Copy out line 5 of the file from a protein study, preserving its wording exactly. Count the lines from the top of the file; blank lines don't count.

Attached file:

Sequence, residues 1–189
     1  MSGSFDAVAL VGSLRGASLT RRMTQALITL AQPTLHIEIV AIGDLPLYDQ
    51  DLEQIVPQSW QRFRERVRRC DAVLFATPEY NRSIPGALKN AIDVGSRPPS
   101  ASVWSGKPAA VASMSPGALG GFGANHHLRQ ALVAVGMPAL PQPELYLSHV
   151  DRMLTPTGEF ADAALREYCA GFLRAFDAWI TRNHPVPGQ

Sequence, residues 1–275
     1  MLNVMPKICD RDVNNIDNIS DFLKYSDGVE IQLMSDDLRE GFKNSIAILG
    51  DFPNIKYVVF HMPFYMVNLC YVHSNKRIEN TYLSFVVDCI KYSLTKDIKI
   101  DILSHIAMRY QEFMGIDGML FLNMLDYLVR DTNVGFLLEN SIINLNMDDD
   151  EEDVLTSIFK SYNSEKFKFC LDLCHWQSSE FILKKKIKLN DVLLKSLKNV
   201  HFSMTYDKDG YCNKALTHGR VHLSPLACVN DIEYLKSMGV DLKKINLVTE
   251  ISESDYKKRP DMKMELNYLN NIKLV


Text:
   151  DRMLTPTGEF ADAALREYCA GFLRAFDAWI TRNHPVPGQ